A small but very well-tended garden, once for the local clergy’s rest and recreation, after meticulous recovery, since 1992 it has been open to the public, offering a pleasant and relaxing break in the city centre.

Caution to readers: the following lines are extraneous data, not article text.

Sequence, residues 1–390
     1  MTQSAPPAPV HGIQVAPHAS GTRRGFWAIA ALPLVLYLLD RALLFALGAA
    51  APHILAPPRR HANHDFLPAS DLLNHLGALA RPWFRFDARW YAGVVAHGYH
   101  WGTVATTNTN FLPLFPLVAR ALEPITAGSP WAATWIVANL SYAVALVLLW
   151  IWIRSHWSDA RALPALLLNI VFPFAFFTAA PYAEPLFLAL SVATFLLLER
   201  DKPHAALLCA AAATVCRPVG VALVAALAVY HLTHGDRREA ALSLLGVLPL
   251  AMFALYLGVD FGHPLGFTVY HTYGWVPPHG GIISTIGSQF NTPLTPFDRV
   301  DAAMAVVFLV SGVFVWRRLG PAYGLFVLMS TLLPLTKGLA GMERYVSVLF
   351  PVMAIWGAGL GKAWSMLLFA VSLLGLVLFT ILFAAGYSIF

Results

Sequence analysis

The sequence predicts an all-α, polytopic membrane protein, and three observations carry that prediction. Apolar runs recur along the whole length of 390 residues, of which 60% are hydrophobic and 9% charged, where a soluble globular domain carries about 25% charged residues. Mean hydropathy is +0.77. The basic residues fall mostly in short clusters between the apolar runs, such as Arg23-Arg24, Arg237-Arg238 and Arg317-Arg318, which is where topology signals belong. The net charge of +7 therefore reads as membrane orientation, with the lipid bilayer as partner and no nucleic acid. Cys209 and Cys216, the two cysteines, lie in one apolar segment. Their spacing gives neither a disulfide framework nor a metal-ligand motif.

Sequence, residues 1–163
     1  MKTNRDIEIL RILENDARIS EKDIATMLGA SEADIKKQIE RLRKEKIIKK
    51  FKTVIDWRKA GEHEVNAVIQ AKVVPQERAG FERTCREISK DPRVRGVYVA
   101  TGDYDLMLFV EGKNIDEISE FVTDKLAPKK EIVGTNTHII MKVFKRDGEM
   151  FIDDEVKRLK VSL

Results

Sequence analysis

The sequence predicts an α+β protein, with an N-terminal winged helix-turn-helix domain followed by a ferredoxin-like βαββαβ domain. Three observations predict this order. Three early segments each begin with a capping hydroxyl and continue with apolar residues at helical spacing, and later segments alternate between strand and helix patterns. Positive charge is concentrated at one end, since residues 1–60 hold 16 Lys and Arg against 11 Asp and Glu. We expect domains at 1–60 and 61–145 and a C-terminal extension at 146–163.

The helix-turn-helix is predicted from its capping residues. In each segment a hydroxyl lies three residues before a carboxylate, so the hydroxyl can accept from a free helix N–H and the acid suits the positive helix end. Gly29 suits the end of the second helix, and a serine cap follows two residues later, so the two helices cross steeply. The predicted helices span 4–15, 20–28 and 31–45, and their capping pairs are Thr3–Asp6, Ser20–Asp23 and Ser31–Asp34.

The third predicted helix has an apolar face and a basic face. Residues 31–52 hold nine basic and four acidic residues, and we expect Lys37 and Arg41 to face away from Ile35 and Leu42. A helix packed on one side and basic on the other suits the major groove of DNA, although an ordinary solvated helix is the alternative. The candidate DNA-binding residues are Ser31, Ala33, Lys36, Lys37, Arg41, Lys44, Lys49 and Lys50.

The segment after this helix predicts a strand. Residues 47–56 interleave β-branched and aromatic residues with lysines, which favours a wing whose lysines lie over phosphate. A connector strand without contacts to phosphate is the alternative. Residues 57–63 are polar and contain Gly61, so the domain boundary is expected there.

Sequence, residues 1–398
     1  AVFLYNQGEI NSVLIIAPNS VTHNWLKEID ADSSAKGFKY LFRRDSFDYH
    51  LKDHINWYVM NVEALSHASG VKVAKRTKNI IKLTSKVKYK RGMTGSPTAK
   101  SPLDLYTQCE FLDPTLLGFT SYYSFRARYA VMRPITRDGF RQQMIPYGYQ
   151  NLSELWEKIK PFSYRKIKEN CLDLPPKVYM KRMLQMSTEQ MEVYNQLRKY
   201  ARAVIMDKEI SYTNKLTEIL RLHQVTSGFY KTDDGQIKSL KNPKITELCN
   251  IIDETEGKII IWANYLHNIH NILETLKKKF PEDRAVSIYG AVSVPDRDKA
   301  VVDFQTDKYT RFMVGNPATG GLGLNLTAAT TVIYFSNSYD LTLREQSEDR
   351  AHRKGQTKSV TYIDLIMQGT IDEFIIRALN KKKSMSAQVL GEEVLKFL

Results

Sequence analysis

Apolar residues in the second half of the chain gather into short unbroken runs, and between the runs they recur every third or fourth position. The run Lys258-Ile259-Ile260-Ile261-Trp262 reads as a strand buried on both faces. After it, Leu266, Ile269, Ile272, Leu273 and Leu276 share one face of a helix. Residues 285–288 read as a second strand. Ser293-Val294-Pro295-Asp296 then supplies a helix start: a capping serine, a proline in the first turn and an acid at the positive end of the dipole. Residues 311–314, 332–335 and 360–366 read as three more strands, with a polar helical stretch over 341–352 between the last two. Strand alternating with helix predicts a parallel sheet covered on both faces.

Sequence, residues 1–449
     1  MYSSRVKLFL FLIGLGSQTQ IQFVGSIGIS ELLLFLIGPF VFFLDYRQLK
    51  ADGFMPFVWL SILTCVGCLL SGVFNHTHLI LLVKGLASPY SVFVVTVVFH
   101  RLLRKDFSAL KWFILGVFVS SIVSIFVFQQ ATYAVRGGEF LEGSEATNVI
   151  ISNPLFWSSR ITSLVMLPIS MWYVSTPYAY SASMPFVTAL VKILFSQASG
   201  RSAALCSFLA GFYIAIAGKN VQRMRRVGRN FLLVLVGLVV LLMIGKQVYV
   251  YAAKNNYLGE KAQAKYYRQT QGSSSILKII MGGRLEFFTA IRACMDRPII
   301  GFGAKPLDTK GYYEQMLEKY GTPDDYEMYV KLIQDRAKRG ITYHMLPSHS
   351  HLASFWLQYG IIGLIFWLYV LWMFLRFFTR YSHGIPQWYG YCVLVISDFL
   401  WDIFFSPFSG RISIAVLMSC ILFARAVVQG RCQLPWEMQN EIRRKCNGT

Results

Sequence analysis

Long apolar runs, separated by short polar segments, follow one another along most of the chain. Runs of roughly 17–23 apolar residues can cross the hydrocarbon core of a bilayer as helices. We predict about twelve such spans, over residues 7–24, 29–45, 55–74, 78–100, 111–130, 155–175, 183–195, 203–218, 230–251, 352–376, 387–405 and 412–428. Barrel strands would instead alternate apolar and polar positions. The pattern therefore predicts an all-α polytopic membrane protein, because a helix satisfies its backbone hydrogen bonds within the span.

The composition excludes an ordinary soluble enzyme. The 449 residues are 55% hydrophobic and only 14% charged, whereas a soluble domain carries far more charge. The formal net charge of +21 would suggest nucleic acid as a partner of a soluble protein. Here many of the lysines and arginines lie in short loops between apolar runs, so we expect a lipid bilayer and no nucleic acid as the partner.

Cardinal Cristoforo Madruzzo and his Coadjutor, future bishop Johann Thomas von Spaur, commissioned master builder Johann Jakob de Quadria to build the Bishop’s Palace around 1570. In Renaissance times, the palace already had a garden. However, the garden open to visitors today, recently restored by the Superintendency of Bolzano, is based on a plan from 1831. Hemmed in by buildings and boundary walls, the garden’s limited space is divided by avenues into four geometric compartments, with a 19th-century bronze fountain in the middle. Recalling the Renaissance tradition, the flowerbeds host ornamental flowering plants and medicinal and edible plants. The innermost portions of the flowerbeds are for herbs and vegetables, while corner squares are for aromatic, medicinal and aphrodisiac herbs. The flowerbeds are surrounded by low boxwood hedges, with heirloom/English roses growing in the borders, mixed in with lavender, gypsophila, larkspur and several species of grasses. A number of yew plants shaped in a conical form are examples of tradition of ars topiaria, while potted plants of bitter orange, laurel and daisies sit in the corners. Two Ginkgo biloba trees – not in the original arrangement – have been preserved on the south side of the garden because they are unusual around these latitudes. To the south stands a vast pomarium of three hectares, documented since the Middle Ages, along with perimeter walls. Within two unique 16th-century corner pavilions, which were rebuilt between the late 18th and early 19th centuries, frescoed rooms on the upper floor offer panoramic views.